It is possible as a reporter immersed in Texas politics to not see the forest for the trees.

Last weekend, I read an interview in Salon with Rachel Bitecofer, a political scientist at Christopher Newport University in Newport News, Va.

She is also an election analyst whose forecast of big Democratic gains in the 2018 midterm election that enabled Democrats to gain control of the U.S. House was uncannily, uniquely accurate. She is now using the same model to forecast that any Democratic presidential candidate will win a minimum of 278 electoral votes in 2020 against President Donald Trump, eight more than the 270 needed to win.

But even more interesting to me, she is predicting that, if the Democratic Congressional Campaign Committee — the D-trip, as she and others commonly call it — applies resources generously and wisely, it could flip nine Texas House seats in 2020, half again as many as the six seats the DCCC is now targeting.

In addition to what will be open seats now held by Republicans in the 23rd, where Will Hurd is not seeking reelection; the 22nd, where Pete Olson is retiring; and the 24th, where Kenny Marchant joined the Texodus; the DCCC is also setting its sights on the 21st, held by freshman Chip Roy; the 31st, held by veteran John Carter; and the 10th, which now belongs to Austin’s Michael McCaul.

But Bitecofer also includes three districts on her list that are not now on the DCCC target list — the 25th Congressional District, where Democrat Julie Oliver is making a second run at incumbent Roger Williams, also of Austin; the 2nd, held by freshman Dan Crenshaw; and the 3rd, held by another freshman, Van Taylor, who I’ve never before heard mentioned as potential Democratic target of opportunity.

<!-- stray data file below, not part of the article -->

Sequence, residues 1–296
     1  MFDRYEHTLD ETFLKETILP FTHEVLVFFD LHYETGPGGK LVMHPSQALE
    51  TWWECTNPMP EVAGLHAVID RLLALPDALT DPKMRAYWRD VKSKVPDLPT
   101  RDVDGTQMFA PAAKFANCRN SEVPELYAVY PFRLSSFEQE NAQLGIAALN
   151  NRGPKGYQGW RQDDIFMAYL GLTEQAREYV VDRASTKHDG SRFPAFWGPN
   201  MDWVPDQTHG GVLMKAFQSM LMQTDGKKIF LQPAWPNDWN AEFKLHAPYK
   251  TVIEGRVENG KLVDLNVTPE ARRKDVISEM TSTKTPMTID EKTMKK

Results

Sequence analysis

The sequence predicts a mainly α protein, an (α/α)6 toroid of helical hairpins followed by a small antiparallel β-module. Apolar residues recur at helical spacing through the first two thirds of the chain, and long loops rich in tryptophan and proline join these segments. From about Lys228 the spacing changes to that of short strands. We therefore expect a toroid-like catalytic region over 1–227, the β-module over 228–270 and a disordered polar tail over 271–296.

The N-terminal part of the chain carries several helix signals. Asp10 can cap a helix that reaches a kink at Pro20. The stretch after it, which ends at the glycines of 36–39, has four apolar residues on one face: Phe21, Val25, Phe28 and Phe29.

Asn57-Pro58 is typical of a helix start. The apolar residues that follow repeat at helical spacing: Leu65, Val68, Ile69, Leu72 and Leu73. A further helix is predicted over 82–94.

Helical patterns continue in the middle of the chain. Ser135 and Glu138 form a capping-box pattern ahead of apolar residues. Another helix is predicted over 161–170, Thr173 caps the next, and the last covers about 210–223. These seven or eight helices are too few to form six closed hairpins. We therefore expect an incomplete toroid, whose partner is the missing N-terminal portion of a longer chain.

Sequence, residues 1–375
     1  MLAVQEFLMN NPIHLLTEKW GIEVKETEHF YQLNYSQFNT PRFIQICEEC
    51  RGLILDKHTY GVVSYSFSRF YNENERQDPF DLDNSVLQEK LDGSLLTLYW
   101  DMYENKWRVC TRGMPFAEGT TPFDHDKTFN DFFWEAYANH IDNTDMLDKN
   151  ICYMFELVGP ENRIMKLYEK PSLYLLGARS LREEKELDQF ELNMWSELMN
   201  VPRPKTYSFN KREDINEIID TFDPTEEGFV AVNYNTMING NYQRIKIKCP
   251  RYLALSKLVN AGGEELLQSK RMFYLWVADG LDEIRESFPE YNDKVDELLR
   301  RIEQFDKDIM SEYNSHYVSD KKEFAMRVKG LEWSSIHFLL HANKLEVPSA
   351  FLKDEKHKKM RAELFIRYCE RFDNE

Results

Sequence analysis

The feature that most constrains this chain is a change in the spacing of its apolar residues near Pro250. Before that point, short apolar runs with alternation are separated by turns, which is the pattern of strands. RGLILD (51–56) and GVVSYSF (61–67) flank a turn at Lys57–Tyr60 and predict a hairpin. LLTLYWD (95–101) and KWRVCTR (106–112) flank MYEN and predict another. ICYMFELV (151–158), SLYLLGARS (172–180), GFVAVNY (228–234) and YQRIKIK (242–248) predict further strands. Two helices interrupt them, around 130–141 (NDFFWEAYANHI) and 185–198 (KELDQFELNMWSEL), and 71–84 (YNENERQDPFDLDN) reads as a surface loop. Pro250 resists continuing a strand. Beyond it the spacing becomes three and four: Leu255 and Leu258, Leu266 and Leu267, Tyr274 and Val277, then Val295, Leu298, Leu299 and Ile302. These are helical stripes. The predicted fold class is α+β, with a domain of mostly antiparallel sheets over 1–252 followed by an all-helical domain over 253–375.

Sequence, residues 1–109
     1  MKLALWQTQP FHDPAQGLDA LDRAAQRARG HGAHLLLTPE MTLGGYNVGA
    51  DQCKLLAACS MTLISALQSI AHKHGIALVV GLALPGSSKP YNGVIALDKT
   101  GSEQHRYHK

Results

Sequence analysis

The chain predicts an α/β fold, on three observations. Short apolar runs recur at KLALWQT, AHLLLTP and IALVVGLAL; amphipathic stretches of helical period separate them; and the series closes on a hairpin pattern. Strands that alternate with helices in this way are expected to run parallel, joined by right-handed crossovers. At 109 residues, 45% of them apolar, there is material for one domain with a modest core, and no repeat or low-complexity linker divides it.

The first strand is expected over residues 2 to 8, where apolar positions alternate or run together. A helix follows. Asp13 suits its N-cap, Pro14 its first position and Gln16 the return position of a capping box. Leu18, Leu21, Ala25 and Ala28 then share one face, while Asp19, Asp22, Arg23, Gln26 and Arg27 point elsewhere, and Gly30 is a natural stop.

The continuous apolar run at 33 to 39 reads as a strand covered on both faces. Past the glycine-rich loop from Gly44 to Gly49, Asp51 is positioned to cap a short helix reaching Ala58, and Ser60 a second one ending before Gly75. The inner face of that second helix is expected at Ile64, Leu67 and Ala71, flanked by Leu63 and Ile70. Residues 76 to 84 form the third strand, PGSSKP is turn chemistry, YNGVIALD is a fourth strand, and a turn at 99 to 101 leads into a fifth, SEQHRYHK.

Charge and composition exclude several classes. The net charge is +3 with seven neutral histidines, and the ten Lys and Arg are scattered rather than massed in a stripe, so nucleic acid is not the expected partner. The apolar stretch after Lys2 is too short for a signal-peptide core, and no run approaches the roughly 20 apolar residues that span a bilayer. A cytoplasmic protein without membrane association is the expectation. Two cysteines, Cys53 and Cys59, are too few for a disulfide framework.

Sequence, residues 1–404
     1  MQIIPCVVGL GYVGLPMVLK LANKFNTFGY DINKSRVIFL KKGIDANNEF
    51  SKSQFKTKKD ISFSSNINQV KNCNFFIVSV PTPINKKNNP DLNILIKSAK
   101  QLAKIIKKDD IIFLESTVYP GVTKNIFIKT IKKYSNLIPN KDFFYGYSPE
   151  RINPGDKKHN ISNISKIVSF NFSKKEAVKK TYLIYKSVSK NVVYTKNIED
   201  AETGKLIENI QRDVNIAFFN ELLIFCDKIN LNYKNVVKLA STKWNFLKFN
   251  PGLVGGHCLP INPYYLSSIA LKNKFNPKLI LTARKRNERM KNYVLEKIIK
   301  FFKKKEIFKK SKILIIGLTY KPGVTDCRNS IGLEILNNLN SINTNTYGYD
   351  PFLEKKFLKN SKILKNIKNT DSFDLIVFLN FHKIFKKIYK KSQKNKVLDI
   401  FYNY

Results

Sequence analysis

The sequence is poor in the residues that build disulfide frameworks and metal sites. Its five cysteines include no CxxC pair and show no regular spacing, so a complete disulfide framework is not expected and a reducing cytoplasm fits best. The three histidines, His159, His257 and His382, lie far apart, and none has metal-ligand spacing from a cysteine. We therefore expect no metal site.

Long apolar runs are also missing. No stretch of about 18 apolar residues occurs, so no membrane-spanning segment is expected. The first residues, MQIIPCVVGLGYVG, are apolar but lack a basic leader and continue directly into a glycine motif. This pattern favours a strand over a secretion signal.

In fact, according to Bitecofer, nine of the Democrats’ 18 best chances for pickups in 2020 congressional races nationally are in Texas, which makes it, in her estimation, Ground Zero next year.

I interviewed Bitecofer Monday and realized that it’s not so much that her analysis flies in the face of conventional wisdom about Texas politics, as it flies above it.

Her model is based on what was at first an intuition Trump was going to drive college-educated voters, often with a lax history of voting participation, to turn out against him in unprecedented and realigning ways — and she said, that is what is happening, and she predicts will continue to happen through 2020.


Her analysis has important implications.

If she is right, 2020 is not about changing voters’ minds, or Democrats peeling off some moderate Republican voters. It’s about turning out a whole different set of college-educated Democratic and independent voters who will be drawn to the polls by their animus toward Trump, which he has stoked virtually every waking hour since he was elected. Yes, Trump being Trump drives up Republican turnout, but Republicans are already more dependable voters. It’s Democratic turnout that has the most room to grow.

“Keep in mind, we’re talking about Gen X and millennial suburbanites who lean liberal or are liberal but not that politically engaged,” Bitecofer told me. “That’s the wave. Not moderate Rs.”

Under Bitecofer’s model, it doesn’t really matter if the Democratic congressional candidate is a fire-breathing progressive or a milquetoast moderate, as long as they remind voters that the election is all about Trump.

Bitecofer exudes confidence in her forecast.

Of McCaul, she said, “He’s a dead man walking if the DCCC drops money in that race, and then it doesn’t really matter who the Democrats nominate. Other handicappers will have it as `lean red’ when they do their races, and I will have it as ‘will flip’ if the DCCC has put it on its list.”

It’s all about the data, said Bitecofer, who changed the way I’m looking at 2020 in Texas.

“The worst thing that could happen to Republicans is if the D-trip finds my data and sees it the way you do,” she said.